The Big Business Dilemma: What Could Happen When Government Is Gone

by Rena Steinzor

The nation’s capital is all but intolerable these days, even for those of us who have lived here for decades and are used to excessive histrionics and gross summer weather. A pall of bad, hot, wet air has settled over the place, and serves as a backdrop to the slow-motion car wreck that is the debt ceiling negotiations—in every sense a crisis of political creation. In the midst of this misery, a small spark of comic relief was provided yesterday by the spectacle of hundreds of top-level business executives, led by the Business Roundtable and the Chamber of Commerce, pleading with their Tea Party allies not to run the economy into a ditch by provoking a default on the country’s financial obligations to institutions and governments across the globe. Having hitched its political wagon to a team of wild horses, big business has gone to the whip now that right-wing irrationality has impinged on its financial interests.

In fact, for years, big business has ridden quietly along while various brands of fiercely ideological conservatives drove the political wagon for the Republican party. Happily for them, the big business agenda—corporate welfare and the decimation of regulations that would rein in financial institutions; help blue-collar workers, and protect the environmental—fit neatly into the anti-“big government” mantra of their allies. When the Tea Party emerged, it seemed like the dance would never end. Dozens of newly elected Republicans were only too happy to make regulation the whipping boy for every problem that ails the economy, if only as a distraction from the real causes of the recession, which, let’s face it, have a lot to do with Republican anti-regulatory policies. Even better, the new Republican majority scheduled dozens of hearings aimed at brow-beating dozens of Administration officials from a cross-section of federal regulatory agencies. From Elizabeth Warren at the Consumer Financial Protection Bureau, to Lisa Jackson at the Environmental Protection Agency, to David Michaels at the Occupational Health and Safety Administration, the Republicans are eager to blame the Obama Administration for the length and depth of the recession that began on the GOP’s  watch. 

The agencies’ sense of trying to survive in a bunker with 24/7 incoming fire was not helped by President Obama and the White House staff, who made a decision several months ago to try to get out in front of anti-regulatory rhetoric, thus heaving the agencies under the bus. Things are so bad at this point that a number of major regulatory initiatives, no matter how long in the pipeline, are frozen in place, waiting until after the election.  Elizabeth Warren is unlikely to ever get a permanent appointment, and implementation of financial reforms crafted in the wake of the 2008 crash has slowed to a crawl. EPA probably won’t control coal ash dumps—one of which burst three days before Christmas in 2008, flooding Kingston, Tennessee with 1 billion gallons of inky, toxic sludge—at least for the foreseeable future. OSHA is so cowed that it could not cough up a minor change in a reporting form that would have tracked ergonomic injuries of workers in such physically punishing industries as poultry processing and warehouse operation.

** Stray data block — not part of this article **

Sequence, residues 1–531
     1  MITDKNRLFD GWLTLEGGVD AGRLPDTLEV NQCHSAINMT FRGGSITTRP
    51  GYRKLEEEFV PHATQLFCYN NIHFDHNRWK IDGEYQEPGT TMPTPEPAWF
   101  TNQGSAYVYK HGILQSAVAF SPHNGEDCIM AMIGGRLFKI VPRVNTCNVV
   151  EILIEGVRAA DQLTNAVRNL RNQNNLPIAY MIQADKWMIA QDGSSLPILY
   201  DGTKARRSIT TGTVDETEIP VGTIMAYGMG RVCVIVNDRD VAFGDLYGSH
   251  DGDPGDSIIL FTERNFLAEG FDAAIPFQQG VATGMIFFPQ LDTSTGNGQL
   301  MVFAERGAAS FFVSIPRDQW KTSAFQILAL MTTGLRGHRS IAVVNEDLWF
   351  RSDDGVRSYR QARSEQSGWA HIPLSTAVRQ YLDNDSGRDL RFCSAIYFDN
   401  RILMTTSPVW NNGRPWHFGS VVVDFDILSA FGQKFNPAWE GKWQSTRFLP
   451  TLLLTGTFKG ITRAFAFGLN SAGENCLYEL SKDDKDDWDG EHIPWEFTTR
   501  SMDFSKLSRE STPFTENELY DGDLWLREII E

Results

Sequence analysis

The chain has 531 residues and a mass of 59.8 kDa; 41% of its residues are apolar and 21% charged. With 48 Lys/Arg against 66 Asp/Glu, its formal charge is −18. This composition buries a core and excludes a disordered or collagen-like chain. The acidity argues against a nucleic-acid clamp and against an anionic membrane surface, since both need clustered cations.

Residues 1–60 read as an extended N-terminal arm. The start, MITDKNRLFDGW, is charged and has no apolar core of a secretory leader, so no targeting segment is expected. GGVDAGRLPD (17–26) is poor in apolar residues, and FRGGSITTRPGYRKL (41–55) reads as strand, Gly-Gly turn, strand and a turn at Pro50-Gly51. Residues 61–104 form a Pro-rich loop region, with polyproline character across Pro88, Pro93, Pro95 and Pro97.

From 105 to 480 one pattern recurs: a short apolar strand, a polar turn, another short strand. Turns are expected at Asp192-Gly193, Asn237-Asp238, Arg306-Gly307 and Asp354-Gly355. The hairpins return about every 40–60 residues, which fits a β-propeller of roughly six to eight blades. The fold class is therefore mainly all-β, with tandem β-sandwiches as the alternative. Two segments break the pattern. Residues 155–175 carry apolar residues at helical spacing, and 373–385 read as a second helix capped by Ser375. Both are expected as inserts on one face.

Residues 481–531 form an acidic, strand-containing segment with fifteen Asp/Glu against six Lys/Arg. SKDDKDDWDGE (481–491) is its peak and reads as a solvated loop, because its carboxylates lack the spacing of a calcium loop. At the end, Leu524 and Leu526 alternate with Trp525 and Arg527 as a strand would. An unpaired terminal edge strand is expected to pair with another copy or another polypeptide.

Here’s just one small window on the madness. A House Science Subcommittee chaired by Rep. Paul Broun (R-GA)—he’s the guy who used a July 4 picnic in his district to compare progressives like me to Al Qaeda—will hold a hearing today to try to discredit the EPA program for writing toxicological profiles for such genuinely dangerous chemicals as dioxin, formaldehyde, and arsenic. I’m scheduled to testify. The profiles establish the level of exposure that is considered dangerous for human beings, and are thus the foundation of EPA’s efforts to control hazardous chemicals. But the chemical industry, relying on its GOP champions, hopes to put in place a freeze on all funds for producing future assessments until EPA has gone back and re-done the hundreds of profiles already in the data base. We need to reassess dioxin? Formaldehyde? Arsenic? Really?

So here’s a prediction suggested by the dilemma business leaders find themselves in as time to raise the debt ceiling runs out. The slash-and-burn party they are having won’t last forever—it could even be over after next year’s elections. But the agencies themselves—especially those that watch out for public health, worker safety, and the environment—will remain walking wounded, with scant budgets, demoralized staff, and a pattern of keeping their heads down that could take years to get over. In the absence of credible regulatory controls, we’ll see more and worse disasters like the Deepwater Horizon spill, the Big Branch mine collapse, or the Texas City refinery explosion. For industries engaged in hazardous operations, including the chemical industry, a sort of Wild West mentality will sink in, as disasters mount, which will give rise to a sense of panic among business leaders not altogether unlike what they’re feeling now at the prospect of a debt default. If they gut the government, and all its essential functions, one day they’ll get what they wish for, to their long-term shock and acute distress.

© 2014 The Center for Progressive Reform